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From Erik Hatcher <erik.hatc...@gmail.com>
Subject Re: LCF security with Solr
Date Tue, 06 Apr 2010 14:11:01 GMT
Karl -

I appreciate you starting this thread on this important topic.  To  
kick start some discussions, some thoughts are inline below...

On Apr 6, 2010, at 9:24 AM, Karl Wright wrote:
> As many may be aware, the LCF model relies on "access tokens" (e.g.  
> active directory SIDs).  There are "allow" tokens, and "deny"  
> tokens.  They are currently dropped on the floor when Solr is  
> involved, but they can readily (and most naturally) be handled to  
> Solr as metadata when a document is ingested.

These tokens are arbitrary strings, right?  In other words, the  
strings from one data source isn't going to be in the same format as  
from another data source, as I understand it.

Can you provide some examples of the grant and deny strings one may  
get from a few different data sources?

> Read more about the LCF security model here:
>
> http://cwiki.apache.org/confluence/display/CONNECTORS/Lucene+Connectors+Framework+concepts
>
> My proposal is therefore to do the following:
>
> (1) Choose specific metadata names that LCF will use for "allow"  
> tokens and "deny" tokens;
> (2) Write a Solr request handler, which would peel out the special  
> headers that LCF's mod_authz_annotate module puts into the request,  
> and put those into a Solr request object;

Rather than a request handler, which would be too constraining on the  
Solr configuration of various request handlers, this is probably best  
as a servlet filter that fronts Solr's dispatch filter and simply adds  
parameters to the request passed on to Solr.

mod_authz_annotate - I need to understand this, but it will be a  
required front to Solr to take advantage of the grant/deny strings?    
Is this where the user credentials get processed?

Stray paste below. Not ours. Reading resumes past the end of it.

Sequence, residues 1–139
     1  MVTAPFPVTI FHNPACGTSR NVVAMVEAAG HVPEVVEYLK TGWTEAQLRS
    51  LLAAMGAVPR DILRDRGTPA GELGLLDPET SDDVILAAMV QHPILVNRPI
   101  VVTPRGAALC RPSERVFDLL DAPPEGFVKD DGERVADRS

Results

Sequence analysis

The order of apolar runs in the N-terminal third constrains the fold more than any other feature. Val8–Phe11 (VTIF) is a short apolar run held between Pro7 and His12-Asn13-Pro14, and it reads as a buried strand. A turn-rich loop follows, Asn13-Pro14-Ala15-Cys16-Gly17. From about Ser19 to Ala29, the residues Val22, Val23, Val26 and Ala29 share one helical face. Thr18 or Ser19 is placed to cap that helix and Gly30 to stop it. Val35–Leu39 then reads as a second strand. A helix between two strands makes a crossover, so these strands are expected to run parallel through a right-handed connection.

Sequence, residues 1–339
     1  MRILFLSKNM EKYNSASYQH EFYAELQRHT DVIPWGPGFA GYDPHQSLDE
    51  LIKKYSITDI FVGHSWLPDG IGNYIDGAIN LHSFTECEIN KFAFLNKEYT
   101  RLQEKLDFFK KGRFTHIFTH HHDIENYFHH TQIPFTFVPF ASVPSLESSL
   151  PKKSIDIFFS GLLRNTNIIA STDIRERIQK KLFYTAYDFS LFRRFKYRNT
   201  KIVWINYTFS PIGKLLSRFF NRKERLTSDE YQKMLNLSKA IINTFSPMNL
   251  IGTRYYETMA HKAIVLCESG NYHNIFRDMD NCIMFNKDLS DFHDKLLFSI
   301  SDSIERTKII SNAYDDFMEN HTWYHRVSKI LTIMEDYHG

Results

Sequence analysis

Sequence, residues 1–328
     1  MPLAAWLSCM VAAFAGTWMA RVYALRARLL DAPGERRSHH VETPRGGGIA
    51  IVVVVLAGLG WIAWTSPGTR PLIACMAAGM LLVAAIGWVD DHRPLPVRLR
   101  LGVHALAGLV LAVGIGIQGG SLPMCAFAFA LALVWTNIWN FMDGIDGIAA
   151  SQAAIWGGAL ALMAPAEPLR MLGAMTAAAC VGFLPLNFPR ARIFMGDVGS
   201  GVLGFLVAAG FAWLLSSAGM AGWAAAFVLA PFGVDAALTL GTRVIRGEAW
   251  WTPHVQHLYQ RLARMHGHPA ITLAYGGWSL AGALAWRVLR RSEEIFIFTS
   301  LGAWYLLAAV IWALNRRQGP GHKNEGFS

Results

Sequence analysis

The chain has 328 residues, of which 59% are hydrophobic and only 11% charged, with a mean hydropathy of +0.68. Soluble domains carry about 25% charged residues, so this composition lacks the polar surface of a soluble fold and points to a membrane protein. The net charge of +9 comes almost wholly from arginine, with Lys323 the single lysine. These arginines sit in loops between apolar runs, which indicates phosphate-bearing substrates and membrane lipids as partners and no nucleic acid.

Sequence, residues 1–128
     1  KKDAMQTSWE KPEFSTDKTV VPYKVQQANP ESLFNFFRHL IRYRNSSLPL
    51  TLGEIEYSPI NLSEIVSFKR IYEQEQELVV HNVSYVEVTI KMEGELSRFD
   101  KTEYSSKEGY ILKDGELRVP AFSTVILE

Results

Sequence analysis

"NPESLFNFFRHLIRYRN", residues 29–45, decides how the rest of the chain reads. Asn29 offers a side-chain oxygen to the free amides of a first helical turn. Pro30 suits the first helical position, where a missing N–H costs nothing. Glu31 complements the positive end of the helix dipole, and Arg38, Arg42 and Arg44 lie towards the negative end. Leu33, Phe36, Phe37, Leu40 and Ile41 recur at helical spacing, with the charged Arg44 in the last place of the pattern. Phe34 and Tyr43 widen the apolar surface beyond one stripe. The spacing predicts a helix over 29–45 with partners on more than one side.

Allowing the search component to pick up the parameters and add the  
filtering...

> (3) Write a Solr search component, which pulls out the access tokens  
> from the Solr request object, and effectively wraps all incoming  
> queries with the appropriate clauses that limit the results returned  
> according to the appropriate "allow" and "deny" metadata matches.

> (a) Is this the right approach (bearing in mind that the LCF  
> security model is pretty deeply ingrained in LCF at this time, and  
> is thus not subject to significant changes);

Seems like a good approach with a servlet filter and search  
component.  Although I'm unclear how this will work with more than one  
data source indexed with different grant/deny formats.

> (b) Where should all of this live?  Should it be a component of  
> Solr, or a component of LCF?

Good questions!   I don't have any strong opinion on this just yet.   
Always a toss-up when it comes to placing code that straddles two  
projects.  But I think I lean towards having this in the new lucene/ 
solr trunk as a module.  While I'm pretty Solr-centric these days, I  
can imagine that LCF can have an output connector to write to Lucene's  
API directly and some may find it handy to have some common filtering  
code shared between Lucene and Solr.

> (c) The access tokens used by LCF are arbitrary strings, which are  
> usually alphanumeric, but do contain certain punctuation. Would this  
> cause a problem?

Punctuation won't cause a problem, but jiving a search request from a  
user into the various grant/deny is what I'm not quite understanding  
just yet.  Would there be issues with multiple data sources integrated  
into one Solr index?

	Erik


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